Charles Meynier(Paris, 1768 - Paris, 1832)
Télémachus, pressé par Mentor, quitte l’île de Calypso
Joseph Fulchiron (1744-1831) bought at the Salon of 1800 for 4000 francs.
Château de la Seilleraye
Private Collection, Nantes, since the 1930’s and by descent to the present owner
Paris, Salon of 1800, no. 266 (second prize of the first class)
Paris, Louvre, Decennial Exhibition, (Exposition des prix décenneaux au Louvre), August-November 1810.
Alexis Chataignier (1772-1817), metal engraving (designed by S. Le Roy and finished by E. Bovinet), published in, ‘Concours décennal, ou, Collection gravée des ouvrages de peinture, sculpture, architecture et médailles, mentionnés dans le rapport de l'Institut.’ Filhol et Bourdon, Paris, 1812.
Landon, C.P., Annales de Museé et de l’Ecole Moderne des Beaux-Artes, vol.1. pp. 31-32, pl XIV, engraved by Landon, 1801, Paris.
Schnapper, A., Arlette Sérullaz, sous le direction de Jacques Louis-David, 1748-1825, exh. cat. 1989, p. 527.
Johnson, D., Jacques-Louis David: The Farewell of Telemachus and Eucharis, Getty Museum Studies of Art, Los Angeles, 1997, p. 47-48.
Bordes, P., Jacques-Louis David, Empire to Exile, exh. cat. 2005, pp. 247-248 engraving of Chataigner reproduced fig. 34.
Mayer-Michalon, I., Charles Meynier 1763-1832, Paris, Arthena, 2008, p. 39, pp. 130-131, (listed as lost, comments from critics of the Salon of 1800 are transcribed pp. 262 and 263.).
Télémachus, pressé par Mentor, quitte l’île de Calypso, is the masterpiece of Meynier’s career. For two centuries thought lost, the painting, until now, has only been known through an engraving. The painting was received with great praise from both the public and critics alike when it was first presented at the Salon of 1800 and can be considered not only the artist’s chef-de-oeuvre but also a key painting within the canon of French Neoclassicism - representing a sublime example of the very particular aesthetic of turn of the century Napoleonic France.
A pupil of François-André Vincent, Meynier shared the prestigious Prix de Rome with Girodet in 1789, staying in Italy until December 1793. Returning to Paris, under the Empire, he received orders for military paintings to the glory of the Emperor and made three ceilings for the Louvre Museum, still in place. Telemachus represents a key moment in French neo-classical painting in which the propagandist subject matter of the last decade - often glorifying military prowess and which had been strictly adhered to - were relaxed, allowing artists such as Meynier to explore new themes such as History Painting.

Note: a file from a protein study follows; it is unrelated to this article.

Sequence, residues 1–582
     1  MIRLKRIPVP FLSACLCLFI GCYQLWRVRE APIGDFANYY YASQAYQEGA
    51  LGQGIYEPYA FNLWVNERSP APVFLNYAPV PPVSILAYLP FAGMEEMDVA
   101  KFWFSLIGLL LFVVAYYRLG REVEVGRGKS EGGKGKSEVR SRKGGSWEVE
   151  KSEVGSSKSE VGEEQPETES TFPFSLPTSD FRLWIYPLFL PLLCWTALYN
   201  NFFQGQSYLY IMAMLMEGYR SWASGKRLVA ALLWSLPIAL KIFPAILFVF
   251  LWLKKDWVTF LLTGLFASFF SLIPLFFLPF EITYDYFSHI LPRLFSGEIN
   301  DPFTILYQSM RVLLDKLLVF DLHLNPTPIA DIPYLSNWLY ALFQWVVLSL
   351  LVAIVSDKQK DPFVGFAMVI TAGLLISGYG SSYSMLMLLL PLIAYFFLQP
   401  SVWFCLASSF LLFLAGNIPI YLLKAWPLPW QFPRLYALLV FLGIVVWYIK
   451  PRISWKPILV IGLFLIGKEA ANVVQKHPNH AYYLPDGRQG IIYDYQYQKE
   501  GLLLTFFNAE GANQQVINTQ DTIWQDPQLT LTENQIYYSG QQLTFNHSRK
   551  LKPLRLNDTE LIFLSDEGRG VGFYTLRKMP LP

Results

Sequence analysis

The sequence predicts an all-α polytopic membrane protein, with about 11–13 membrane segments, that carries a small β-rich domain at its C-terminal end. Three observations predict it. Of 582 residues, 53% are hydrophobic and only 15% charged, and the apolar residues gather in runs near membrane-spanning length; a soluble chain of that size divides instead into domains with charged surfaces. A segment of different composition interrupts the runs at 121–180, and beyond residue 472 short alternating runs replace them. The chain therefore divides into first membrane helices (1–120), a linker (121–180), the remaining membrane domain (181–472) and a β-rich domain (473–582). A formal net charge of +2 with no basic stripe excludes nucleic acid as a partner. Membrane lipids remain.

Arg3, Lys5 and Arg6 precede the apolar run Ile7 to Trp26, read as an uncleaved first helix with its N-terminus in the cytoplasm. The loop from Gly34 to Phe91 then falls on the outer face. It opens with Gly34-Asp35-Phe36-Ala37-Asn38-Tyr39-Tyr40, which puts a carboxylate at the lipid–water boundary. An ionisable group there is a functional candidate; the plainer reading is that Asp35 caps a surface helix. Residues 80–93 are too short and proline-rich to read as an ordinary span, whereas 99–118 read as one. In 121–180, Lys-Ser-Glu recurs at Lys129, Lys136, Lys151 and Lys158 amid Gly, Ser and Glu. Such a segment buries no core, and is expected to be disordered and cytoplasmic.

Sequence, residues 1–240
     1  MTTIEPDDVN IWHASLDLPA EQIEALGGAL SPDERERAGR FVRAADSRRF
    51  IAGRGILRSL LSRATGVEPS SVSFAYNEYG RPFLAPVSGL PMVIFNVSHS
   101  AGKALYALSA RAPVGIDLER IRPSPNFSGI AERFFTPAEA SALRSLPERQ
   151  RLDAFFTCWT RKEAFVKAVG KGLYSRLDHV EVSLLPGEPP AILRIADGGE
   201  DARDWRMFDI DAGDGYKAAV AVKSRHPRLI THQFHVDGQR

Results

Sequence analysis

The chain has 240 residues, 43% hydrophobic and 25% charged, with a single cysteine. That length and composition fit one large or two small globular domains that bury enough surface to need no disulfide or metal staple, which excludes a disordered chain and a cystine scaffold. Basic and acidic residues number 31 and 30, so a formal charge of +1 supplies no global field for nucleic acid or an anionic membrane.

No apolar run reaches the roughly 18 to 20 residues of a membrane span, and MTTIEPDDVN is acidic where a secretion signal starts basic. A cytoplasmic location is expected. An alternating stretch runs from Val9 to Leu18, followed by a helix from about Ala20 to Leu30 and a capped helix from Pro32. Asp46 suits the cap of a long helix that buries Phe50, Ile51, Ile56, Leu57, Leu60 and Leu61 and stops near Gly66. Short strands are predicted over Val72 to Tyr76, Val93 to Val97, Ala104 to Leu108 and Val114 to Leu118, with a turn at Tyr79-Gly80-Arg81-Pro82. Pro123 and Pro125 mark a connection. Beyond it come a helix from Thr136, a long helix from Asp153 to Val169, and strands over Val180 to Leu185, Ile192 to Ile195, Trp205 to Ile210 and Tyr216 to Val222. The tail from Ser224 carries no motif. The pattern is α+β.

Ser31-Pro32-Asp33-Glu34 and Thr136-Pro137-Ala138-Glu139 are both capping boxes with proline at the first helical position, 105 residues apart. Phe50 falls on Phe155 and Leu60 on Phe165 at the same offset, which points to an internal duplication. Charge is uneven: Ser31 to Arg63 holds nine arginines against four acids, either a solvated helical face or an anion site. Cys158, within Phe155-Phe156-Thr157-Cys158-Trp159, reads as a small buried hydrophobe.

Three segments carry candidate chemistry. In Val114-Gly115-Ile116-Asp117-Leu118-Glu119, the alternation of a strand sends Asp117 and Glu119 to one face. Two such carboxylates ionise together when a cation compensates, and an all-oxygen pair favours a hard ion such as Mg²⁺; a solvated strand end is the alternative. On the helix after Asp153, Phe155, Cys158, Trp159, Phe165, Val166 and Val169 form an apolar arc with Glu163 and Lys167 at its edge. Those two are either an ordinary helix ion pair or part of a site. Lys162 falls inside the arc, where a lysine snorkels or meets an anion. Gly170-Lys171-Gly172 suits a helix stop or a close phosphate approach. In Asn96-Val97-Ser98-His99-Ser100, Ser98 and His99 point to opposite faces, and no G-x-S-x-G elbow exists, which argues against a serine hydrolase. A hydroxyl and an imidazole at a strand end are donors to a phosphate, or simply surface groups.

Meynier’s subject of Telemachus, the Son of Odysseus, is taken from Greek Mythology as re-told by Francois Fenelon in his acclaimed contemporary novel published in 1699, The Adventures of Telemachus. Fenelon’s reworking of Homeric legend was recognized by contemporaries as a scathing rebuke to the autocratic reign of Louis and an allusion to the virtuous ideals espoused by the revolutionary Directoire. Indeed, Fenelon’s story portrays the moral evolution of Telemachus very much in the vein of a proletarian hero rather than an ennobled one as, it is through experiences of passions and renunciations - which make him human - which he must learn to overcome and master in order to be a wise leader.
In true neo-classical spirit, in which the figures enact the unfolding events surrounding Telemachus trials in a tableau-like composition, the figures are eloquently quoted from antiquity. Mentor is derived from the Apollo Belvedere, Telemachus from the Capitoline Antinous, Eucharis from The Borghese Dancers, the three attendants of Calypso from The Three Graces, Calypso from Diana Chasseresse of Versaille, and the attendant of Calypso holding the Dogs, loosely based on the statues of Alexander and Bucephalus. Indeed, Joseph Fulchiron, owner of the present work and patron of Meynier, wrote of also owning several drawings by the artist, done after the antique whilst he was living in Rome and which, such as Apollo, clearly acted as preparatory figure studies for Télémachus, pressé par Mentor, quitte l’île de Calypso.
Meynier uses chiascuro to capture not only the mysticism of such a mythological scene but more importantly its innate drama, as the light falls, dappled by the trees, upon the faces of the protagonists to wonderful effect. The blue and silver palette, the carefully composed composition and master draughtsmanship all combining to make a powerful painting. One that was so well received at the salon of 1800 it was included in the decennial celebratory Salon exhibition of masterpieces in 1810, held at the Louvre.
Joseph Fulchiron (1744-1831) purchased the painting directly from the Salon in 1800 and the work has remained in the family ever since. A banker from Lyon, Fulchiron was a great patron of Meynier, already owning Androcles (now lost) which he had bought at the Salon of 1795 and also commissioning from him a Milo of Croton (also lost but the modello for which is at the Museum of Fine Arts of Montreal).
(Edinburgh, 1866 - Kensington, London, 1941)
The Shrine (formerly The Demolition of the Statue and the Arch)